By Jeremy Tiers, Senior Director of Admissions Services
2 minute read
Over the past few weeks you’ve got new high school seniors, or new transfer students looking at a January start, who have shown interest in your school.
They’re interested, but many don’t know what to do or say next.
How are you creating opportunities for those students to open up and share their wants, concerns, and fears? It’s important because without knowing those things, it’s hard for you or your colleagues to provide the student with relevant information that feels personal and is helpful.
Here’s some advice you can use immediately to get them to talk, think and engage via email, text, or when they visit campus.
I want you to ask them what’s wrong, but probably not in the way that you’re thinking.
In this case, it’s about discovering what the wrong fit for college looks like for them.
For all of us, especially young people, it’s much easier to talk about negatives over positives – what we don’t want or don’t like versus what we do.
As your call to action or as a next step, consider asking one or more of these questions:
- “What’s the wrong way for a college to communicate with you?”
- “Tell me about the wrong type of college for you. What kinds of schools have you already eliminated from your list?”
- “What’s the wrong type of college location for you?
- “What does the wrong kind of classroom environment in college look like – What are some things you definitely don’t want?”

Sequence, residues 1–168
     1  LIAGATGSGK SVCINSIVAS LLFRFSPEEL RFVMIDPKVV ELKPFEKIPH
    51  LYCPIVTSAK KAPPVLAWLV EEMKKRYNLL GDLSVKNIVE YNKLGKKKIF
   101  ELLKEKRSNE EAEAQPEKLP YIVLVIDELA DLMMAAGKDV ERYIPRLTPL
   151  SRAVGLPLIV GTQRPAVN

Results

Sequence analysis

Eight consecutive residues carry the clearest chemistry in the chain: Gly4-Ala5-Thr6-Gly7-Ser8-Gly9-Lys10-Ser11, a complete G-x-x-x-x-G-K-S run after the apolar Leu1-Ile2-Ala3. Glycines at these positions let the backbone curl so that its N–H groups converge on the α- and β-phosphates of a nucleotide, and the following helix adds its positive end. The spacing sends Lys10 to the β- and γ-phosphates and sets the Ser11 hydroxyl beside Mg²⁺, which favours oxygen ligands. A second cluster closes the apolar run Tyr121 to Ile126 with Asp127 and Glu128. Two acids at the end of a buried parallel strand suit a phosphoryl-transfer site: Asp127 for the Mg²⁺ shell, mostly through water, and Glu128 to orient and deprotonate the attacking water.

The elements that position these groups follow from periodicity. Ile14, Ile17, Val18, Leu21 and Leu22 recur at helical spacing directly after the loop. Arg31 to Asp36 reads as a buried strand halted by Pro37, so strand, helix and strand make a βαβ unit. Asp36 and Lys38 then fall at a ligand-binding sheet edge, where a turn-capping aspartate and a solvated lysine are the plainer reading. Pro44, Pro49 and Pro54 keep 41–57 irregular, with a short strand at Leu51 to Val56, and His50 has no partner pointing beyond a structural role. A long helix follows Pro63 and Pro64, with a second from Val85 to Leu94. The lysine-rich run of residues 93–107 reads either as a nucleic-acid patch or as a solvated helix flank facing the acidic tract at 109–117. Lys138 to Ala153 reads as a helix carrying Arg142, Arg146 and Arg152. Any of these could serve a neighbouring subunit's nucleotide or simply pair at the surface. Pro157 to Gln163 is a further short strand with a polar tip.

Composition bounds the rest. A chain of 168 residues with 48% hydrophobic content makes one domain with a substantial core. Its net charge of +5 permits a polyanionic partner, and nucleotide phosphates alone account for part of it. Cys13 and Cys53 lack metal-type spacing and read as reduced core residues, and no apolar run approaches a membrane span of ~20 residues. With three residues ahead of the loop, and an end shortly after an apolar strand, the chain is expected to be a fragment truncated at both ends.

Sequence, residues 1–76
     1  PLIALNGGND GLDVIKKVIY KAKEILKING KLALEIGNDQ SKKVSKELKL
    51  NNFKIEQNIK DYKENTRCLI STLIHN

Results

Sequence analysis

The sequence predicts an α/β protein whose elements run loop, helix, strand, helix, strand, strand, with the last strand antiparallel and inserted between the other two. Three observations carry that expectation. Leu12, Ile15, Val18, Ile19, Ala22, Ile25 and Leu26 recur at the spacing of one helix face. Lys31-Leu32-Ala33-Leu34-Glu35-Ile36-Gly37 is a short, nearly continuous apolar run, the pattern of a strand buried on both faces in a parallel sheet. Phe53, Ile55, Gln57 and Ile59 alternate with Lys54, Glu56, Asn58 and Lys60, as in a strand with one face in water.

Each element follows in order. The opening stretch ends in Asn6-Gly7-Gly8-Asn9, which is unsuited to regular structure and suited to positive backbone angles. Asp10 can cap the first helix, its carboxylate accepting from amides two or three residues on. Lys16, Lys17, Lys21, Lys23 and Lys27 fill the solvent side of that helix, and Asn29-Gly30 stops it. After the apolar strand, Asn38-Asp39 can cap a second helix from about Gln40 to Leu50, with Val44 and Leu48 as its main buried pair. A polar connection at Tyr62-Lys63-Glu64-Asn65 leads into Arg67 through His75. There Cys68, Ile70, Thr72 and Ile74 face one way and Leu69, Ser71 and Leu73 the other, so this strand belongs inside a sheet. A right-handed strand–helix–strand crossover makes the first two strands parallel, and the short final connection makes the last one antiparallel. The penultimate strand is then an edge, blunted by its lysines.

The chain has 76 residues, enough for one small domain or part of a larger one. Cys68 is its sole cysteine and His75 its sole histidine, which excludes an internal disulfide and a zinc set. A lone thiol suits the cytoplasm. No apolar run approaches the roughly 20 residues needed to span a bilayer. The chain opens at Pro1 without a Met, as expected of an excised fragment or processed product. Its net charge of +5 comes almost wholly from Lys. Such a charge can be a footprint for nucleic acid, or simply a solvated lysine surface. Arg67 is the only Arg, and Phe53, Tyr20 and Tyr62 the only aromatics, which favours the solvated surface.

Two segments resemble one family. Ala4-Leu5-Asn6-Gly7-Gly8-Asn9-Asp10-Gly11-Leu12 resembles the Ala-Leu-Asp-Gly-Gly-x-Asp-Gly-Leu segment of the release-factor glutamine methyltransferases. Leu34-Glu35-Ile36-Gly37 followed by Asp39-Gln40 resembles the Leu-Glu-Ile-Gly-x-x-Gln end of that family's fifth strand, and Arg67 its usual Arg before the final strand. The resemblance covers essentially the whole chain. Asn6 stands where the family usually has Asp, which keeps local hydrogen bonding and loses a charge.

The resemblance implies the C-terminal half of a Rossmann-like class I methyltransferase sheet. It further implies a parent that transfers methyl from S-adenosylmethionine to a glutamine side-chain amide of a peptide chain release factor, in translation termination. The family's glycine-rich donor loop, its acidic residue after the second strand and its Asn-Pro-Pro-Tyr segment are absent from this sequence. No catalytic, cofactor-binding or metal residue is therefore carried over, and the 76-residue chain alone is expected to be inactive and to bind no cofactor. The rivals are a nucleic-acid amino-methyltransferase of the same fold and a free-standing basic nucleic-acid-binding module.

Asking them about what they see as the wrong fit or the wrong way to do something is another effective strategy that will get more students talking.
Don’t be surprised, though, if in some cases a student struggles to verbalize their thoughts. Be prepared to probe and lead the conversation further, and take it as a compliment. Chances are you just asked a question that they haven’t heard before, so they aren’t able to repeat a standard, memorized answer.
For those who don’t respond at all (or appear nervous in-person), follow up by explaining that there isn’t a penalty for being honest and open about how they feel. Remind them that you’re here to listen and offer support and that your goal is to help them find the college that’s the best fit for them….even if that’s not your school.
Got a question about something in this article? Go ahead and reply back or email me here.
And if you found this article helpful, I encourage you to forward it to someone else on your campus who could also benefit from reading it.